Interior view of Channel Tunnel connecting UK and France
Connecting England with continental Europe

The Channel Tunnel is a 50.5-kilometer (31.3-mile) railway tunnel under the English Channel that links the United Kingdom and France. It is the third longest railway tunnel in the world, surpassed only by the Gotthard Base Tunnel in Switzerland and the Seikan Tunnel in Japan, and has the world’s longest undersea section — 37.9 kilometers (23.5 miles).

Ideas for a tunnel connecting England and France have been around since the early 19th century, but it wasn’t until the 1980s that construction of an international, all-weather link using private funding was agreed upon by British and French leaders. Promoters were invited to submit proposals, and a submission by the Channel Tunnel Group/France-Manche (consisting of five banks and ten construction companies) to design and construct a tunnel system that could accommodate conventional trains as well as a vehicle shuttle service was selected. An infrastructure project of this scale and complexity, the largest in Europe to date, would require major engineering innovation and extensive private financing.

Louis Berger was retained by the Channel Tunnel Lending Consortium as Technical Advisor to the underwriting banks. The initial assignment was to analyze the proposed construction contract, cost estimates and other documents to identify potential risks and prepare an initial report used as the basis for negotiating the final contract documents.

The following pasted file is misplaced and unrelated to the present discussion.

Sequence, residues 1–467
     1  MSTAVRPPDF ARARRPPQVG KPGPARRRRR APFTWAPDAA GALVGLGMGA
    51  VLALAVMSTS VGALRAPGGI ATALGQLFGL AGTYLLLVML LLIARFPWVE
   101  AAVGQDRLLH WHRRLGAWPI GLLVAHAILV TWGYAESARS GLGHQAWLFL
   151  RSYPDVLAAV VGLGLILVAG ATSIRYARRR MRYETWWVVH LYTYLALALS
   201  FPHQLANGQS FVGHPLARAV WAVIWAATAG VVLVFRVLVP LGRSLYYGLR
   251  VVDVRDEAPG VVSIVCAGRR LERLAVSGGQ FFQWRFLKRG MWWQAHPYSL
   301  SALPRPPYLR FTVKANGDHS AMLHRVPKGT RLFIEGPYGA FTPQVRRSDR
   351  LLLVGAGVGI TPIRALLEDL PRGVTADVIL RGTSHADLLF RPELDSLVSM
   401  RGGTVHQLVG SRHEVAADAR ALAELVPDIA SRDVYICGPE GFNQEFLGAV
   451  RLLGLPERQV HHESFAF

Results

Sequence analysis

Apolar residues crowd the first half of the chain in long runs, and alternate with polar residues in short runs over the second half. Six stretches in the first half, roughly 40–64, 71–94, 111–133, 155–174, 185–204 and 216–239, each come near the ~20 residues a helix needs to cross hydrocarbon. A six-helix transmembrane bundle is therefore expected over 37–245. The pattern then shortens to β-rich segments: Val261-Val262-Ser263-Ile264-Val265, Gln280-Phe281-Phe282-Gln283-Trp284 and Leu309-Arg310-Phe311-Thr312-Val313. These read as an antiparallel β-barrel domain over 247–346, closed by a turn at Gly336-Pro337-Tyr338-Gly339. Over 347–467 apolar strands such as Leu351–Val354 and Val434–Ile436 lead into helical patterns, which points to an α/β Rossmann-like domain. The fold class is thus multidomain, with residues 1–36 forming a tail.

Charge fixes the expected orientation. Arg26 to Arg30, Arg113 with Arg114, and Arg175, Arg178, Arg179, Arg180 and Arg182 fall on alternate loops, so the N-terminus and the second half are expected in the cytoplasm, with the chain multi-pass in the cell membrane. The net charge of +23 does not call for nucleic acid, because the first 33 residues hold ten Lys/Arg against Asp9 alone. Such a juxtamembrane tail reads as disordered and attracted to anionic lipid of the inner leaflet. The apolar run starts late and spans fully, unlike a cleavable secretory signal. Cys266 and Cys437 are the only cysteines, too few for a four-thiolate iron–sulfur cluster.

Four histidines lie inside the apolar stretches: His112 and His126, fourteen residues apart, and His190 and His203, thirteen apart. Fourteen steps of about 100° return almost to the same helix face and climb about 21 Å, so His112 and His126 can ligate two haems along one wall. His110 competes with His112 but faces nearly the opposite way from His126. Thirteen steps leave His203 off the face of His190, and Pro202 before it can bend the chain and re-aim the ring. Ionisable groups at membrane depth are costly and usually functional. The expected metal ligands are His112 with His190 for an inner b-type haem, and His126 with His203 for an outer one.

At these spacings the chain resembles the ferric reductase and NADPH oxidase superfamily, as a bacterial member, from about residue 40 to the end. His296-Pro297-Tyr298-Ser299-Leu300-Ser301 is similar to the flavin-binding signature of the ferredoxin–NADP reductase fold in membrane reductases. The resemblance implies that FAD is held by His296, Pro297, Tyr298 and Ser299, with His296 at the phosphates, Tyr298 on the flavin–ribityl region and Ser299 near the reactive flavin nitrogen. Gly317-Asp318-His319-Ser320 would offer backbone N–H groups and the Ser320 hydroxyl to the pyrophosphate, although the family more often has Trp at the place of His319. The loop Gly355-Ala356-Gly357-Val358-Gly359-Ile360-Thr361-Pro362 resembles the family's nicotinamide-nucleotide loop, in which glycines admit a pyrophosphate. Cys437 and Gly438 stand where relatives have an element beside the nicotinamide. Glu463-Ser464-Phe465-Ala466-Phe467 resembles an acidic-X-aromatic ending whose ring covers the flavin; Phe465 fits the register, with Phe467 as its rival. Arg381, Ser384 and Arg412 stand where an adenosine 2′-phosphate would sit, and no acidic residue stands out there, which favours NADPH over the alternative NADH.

With the raising of credit facilities and syndication of the loans, Louis Berger subsequently provided ongoing review of construction costs, analysis of the work in progress and technical advice to banks. This included ongoing evaluation of risks, assessment of funding requirements and high-level monitoring of project progress, particularly the terminal facilities, throughout the project duration.

Construction works comprised a rail link shuttle system including two 7.6 meter (24.9 feet) diameter bored tunnels and a separate service tunnel, each approximately 50 kilometers (31 miles) long, plus terminal complexes at each end.

Completed in 1994, the Channel Tunnel carries high-speed Eurostar passenger trains, the Eurotunnel Shuttle for road vehicles and trucks, and international freight trains. The journey between end points at Coquelles, Pas-de-Calais, France, and Folkestone, Kent, England takes about 20 minutes by passenger train and 35 minutes by vehicle shuttle. Over the course of 2015, it was recorded that 21 million passengers were accommodated through the tunnel, plus 1.5 million trucks.